On the night I strangled my wife I realised that this was probably the biggest turning point in my life.
Now there was no turning back.
We’d been arguing more and more in the last few years, and the guest house on the South Coast that we ran together was becoming more and more like a war zone with every miserable day. The guests avoided us whenever they could, embarrassed at our obvious antagonism when we came anywhere near each other.
We shared the hundreds of the various day-to-day jobs, and also Elaine did most of the cooking and some of the cleaning when she wasn’t arguing with me. We ate separately, slept separately, and indeed we hardly ever spoke except to shout at each other, or for her to sneer at me in that whiny sarcastic voice that got on my nerves.
Of course it hadn’t always been that way. And as I thought back to the early years of our marriage, it was hard to remember the beautiful shy timid creature she used to be, the girl who was always ready to have a laugh. Now Elaine, in middle age, was portly, out of condition and the only expression she ever seemed to have when she was with me was one of contempt.
Of course she’d probably say the same about me: I know I’m not the raving Lothario I used to be, and as Elaine constantly reminds me, I’m overweight, I’ve lost my hair and I’ve gathered wrinkles like nobody’s business.
And now we’d almost reached the point where we hardly even argued any more. Our non-communication and silent dislike when we were together had got to such a pitch I could hardly bear to be in the same room as her. And whenever I was angry with her, my anger grew inside, festering and brewing. When I saw her glaring at me sometimes I imagined she probably felt exactly the same way about me.
It was like a horrible chain of hatred that neither of us could break.
Yet we both acknowledged to ourselves that divorcing would mean we’d lose the guest house, so neither of us would have an income, or be able to do the work we enjoyed. That was one thing we were agreed on: getting stuck in to changing the bedclothes, cleaning the bathrooms, organising the comings and goings and chatting to the guests were ploys, ways of keeping ourselves occupied, of not thinking about our situation and putting off the harsh reality that if we hadn’t been bound together by the guest house, we’d have been divorced long ago.
So when she started going to the club in town I was glad to have a bit of peace when she went out in the evenings. I could stretch out and watch telly, even have the odd natter with the guests. I took up playing the guitar again, and wondered about joining the local folk music club, but I never did.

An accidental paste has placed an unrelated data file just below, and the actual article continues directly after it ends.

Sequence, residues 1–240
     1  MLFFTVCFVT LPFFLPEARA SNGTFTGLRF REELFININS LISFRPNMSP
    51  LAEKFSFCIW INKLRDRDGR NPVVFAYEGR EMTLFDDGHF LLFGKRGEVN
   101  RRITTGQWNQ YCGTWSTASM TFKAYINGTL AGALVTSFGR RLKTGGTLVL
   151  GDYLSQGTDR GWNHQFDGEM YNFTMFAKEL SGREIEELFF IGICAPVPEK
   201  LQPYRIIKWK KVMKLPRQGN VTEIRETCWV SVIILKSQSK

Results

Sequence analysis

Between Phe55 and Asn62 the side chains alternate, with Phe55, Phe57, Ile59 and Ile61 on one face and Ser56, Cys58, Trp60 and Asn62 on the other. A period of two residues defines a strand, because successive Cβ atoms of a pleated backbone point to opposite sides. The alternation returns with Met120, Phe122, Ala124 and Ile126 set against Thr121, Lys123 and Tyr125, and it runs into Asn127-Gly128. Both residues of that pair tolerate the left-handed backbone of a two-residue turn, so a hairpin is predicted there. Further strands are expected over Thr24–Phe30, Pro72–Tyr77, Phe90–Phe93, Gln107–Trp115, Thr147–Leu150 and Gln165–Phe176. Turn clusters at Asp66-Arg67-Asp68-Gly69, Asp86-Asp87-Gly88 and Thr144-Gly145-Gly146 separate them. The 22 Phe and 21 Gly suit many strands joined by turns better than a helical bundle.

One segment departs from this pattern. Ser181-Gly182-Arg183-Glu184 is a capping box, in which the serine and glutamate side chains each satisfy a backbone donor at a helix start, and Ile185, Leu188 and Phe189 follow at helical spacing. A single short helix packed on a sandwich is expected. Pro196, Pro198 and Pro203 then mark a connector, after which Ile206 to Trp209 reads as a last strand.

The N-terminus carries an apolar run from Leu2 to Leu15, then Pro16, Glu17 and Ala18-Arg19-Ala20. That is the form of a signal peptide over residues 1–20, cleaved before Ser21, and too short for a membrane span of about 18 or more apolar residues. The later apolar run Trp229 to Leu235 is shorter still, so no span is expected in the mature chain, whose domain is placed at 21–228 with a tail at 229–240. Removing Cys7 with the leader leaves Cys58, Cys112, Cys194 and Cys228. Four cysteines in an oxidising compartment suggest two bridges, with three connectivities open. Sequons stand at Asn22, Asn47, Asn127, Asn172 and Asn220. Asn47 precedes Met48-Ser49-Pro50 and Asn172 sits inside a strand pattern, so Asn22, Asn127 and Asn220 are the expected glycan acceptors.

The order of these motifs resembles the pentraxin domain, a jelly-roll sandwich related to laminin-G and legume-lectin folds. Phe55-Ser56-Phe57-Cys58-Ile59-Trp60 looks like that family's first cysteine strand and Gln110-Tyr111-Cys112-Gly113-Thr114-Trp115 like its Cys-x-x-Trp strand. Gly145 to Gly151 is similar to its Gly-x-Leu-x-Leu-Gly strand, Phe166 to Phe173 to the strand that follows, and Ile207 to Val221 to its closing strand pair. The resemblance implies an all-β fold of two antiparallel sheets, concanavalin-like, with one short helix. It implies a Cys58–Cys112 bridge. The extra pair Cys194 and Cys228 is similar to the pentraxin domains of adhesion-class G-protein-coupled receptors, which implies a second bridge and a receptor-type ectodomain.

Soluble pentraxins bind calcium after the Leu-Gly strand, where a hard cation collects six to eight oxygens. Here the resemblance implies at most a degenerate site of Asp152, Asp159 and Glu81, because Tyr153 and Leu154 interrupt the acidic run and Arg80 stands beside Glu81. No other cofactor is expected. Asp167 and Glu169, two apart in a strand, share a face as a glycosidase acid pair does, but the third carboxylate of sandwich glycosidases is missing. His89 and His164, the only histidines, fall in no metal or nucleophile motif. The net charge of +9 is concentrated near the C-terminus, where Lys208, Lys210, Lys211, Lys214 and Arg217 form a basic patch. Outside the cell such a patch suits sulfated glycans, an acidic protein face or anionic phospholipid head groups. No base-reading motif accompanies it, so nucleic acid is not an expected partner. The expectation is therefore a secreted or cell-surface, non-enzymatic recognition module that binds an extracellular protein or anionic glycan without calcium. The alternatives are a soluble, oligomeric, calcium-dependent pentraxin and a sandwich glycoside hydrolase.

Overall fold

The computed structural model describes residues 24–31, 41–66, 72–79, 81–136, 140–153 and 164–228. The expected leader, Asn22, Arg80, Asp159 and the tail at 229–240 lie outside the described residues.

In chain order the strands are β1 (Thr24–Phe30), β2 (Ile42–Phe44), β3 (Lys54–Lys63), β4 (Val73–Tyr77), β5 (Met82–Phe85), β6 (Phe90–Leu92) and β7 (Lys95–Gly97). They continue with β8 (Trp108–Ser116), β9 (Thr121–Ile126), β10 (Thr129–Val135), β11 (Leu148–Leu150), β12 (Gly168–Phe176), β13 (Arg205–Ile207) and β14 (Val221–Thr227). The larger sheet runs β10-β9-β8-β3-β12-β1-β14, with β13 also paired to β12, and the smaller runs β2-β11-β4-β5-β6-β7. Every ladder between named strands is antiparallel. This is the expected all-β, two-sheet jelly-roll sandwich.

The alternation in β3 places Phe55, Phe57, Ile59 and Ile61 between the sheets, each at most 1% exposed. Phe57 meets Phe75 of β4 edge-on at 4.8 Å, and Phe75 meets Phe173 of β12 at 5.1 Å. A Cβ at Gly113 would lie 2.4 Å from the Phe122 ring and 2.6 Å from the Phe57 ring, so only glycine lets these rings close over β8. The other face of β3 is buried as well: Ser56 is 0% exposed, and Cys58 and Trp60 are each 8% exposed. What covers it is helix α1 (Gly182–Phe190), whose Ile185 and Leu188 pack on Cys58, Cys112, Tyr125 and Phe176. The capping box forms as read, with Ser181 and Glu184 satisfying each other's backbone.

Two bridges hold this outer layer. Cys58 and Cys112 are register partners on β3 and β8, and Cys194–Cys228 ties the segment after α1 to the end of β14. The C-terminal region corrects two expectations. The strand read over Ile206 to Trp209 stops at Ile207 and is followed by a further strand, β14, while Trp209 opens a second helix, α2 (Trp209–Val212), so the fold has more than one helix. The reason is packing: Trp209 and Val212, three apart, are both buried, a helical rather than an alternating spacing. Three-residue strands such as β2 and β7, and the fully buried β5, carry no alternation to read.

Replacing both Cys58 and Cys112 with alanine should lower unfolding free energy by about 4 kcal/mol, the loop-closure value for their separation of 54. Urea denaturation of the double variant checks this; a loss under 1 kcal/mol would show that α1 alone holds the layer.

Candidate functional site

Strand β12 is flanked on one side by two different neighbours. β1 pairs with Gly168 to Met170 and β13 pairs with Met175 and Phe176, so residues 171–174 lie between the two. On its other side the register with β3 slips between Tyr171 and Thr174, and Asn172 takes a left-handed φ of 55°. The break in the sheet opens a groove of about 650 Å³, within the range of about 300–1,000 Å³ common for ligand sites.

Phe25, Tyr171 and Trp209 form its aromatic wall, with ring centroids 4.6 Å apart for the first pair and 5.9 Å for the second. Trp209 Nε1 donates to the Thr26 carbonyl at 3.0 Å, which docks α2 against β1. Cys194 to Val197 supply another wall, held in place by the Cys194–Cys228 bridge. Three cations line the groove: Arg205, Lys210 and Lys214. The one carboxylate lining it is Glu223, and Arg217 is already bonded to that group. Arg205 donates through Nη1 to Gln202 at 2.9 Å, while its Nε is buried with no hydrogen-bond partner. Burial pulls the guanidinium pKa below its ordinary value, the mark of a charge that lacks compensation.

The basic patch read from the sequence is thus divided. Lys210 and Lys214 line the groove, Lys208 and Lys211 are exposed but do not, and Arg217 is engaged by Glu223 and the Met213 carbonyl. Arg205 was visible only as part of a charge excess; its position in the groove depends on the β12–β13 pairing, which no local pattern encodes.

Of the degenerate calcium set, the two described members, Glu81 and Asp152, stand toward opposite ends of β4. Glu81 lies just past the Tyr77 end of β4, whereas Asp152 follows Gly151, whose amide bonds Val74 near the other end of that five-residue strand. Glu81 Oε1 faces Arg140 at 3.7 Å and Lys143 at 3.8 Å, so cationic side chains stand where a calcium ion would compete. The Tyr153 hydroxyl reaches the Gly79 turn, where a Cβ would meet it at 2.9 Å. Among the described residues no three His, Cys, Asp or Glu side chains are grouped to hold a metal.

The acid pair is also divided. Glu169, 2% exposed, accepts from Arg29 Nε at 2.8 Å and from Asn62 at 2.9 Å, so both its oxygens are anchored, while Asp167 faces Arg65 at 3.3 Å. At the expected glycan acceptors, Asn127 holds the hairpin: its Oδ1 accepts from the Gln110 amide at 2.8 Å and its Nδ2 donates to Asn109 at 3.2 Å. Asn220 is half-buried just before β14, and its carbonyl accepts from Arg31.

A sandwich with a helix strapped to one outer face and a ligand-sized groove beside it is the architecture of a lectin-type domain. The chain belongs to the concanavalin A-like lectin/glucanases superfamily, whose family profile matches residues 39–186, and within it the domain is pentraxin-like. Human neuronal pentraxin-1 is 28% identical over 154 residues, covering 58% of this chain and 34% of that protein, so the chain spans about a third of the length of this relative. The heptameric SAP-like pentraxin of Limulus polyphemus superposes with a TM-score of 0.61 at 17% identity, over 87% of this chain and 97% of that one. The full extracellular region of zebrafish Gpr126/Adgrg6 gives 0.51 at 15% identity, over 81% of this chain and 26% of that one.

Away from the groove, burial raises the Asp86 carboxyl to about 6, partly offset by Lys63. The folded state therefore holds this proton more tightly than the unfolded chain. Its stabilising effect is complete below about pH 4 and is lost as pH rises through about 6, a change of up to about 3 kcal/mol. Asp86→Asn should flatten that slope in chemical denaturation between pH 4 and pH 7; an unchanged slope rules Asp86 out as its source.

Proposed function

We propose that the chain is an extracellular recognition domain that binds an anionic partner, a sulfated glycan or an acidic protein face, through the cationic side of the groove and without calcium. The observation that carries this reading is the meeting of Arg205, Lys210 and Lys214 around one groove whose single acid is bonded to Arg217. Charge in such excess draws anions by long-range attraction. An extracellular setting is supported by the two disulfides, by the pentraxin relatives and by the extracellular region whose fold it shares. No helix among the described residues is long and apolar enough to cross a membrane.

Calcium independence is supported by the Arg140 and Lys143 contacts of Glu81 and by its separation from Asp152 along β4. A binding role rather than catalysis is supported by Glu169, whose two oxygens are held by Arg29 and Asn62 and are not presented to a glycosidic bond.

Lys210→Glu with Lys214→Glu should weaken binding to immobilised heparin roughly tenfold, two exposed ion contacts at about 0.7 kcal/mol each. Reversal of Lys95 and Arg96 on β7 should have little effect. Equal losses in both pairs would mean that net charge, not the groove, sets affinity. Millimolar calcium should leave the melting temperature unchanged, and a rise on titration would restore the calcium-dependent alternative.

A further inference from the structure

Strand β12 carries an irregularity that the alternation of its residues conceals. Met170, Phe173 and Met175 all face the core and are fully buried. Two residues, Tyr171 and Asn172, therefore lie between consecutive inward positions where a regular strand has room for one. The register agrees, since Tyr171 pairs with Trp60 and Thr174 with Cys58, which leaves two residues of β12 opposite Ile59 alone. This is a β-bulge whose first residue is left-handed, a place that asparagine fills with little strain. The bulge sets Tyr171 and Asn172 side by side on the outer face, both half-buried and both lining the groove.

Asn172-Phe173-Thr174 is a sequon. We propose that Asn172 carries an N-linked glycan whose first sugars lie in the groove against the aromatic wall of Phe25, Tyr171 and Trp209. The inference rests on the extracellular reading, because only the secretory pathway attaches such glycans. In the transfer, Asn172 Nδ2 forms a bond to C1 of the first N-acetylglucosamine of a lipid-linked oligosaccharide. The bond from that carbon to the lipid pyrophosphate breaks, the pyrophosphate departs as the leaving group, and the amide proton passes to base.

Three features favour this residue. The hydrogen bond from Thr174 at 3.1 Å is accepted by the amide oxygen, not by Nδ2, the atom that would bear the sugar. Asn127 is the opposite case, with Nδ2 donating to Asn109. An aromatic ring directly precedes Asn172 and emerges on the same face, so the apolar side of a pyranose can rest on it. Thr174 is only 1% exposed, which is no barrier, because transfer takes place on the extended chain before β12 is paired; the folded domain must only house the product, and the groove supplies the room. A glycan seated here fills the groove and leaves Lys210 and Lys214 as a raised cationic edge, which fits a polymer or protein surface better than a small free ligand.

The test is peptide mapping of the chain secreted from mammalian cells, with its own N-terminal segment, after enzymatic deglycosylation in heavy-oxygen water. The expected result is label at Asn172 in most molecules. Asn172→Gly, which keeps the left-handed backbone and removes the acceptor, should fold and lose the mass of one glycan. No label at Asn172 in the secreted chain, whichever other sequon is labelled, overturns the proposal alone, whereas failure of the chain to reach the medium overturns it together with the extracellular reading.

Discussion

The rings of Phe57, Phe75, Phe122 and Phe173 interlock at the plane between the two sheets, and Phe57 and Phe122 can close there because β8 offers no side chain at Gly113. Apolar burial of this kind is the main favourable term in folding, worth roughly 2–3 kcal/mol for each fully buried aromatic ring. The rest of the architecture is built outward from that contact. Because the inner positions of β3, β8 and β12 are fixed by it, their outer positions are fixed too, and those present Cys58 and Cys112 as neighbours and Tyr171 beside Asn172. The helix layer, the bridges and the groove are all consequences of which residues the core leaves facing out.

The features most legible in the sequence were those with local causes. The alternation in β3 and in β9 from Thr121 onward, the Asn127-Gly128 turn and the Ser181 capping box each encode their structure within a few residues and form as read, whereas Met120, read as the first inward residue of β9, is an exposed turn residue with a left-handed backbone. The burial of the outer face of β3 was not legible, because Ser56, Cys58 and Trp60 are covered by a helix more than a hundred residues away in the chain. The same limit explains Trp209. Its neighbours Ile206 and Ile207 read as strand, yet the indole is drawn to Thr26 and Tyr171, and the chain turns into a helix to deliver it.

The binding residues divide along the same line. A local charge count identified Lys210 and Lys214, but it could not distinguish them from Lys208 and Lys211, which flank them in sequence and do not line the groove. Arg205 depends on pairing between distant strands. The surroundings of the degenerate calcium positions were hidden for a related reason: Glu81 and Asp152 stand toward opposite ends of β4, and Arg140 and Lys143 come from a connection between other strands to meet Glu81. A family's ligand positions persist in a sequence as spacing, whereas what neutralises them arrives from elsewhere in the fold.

Elaine began going to the club regularly and she seemed to be smiling now and again. It suited me just fine.
It suited me fine until I found out exactly what went on, when I followed her car on one of her ‘club’ evenings, suspicious about what Elaine was getting up to, wondering just what it was that seemed to be making her so happy.
Was it some kind of swinger’s club for sex? A happy-clappy group of Christians who sang hymns to praise the Lord all evening? A witches’ coven with them all standing around bollock naked looking at a goat?
I had no idea.
But I tell you this: I jolly soon found out!
And a couple of months later, as I knelt above her on that fateful evening, it all ran through my mind. The way I’d been so surprised and astonished when I found out what she had been doing. It had been something I’d never have imagined in my wildest dreams!
All evening my anger had been building up to this and Elaine had seemed oblivious to my mood, unaware of my anger, acting as if nothing was wrong.
I had been getting more and more frustrated.
I just wanted to put my hands around her throat and squeeze the life out of her.
So I did.
“Very good, Martin,” said our producer Jenny, as she put a hand on my shoulder. “I told you that psyching yourself up to look angry would pay dividends, didn’t I? It’s what we call ‘method acting’. But let’s take it from the top one more time. Remember we only have this one dress rehearsal, and tomorrow ‘Murder at the Manor’ goes on for real.”
“Okay Elaine?” I asked leaning down to help her up, so that we could act out the entire murder scene once more.
My wife nodded as she smiled. “You know joining this amateur dramatic club was the best decision I ever made,” she said, brushing her hair away from her neck so as to make it easier for me to strangle her next time. “I’m so glad you joined too. Getting away from work and meeting other people has made us talk at last. It’s made all the difference.”
“Yes,” I agreed. “In fact I think it’s probably saved our marriage.”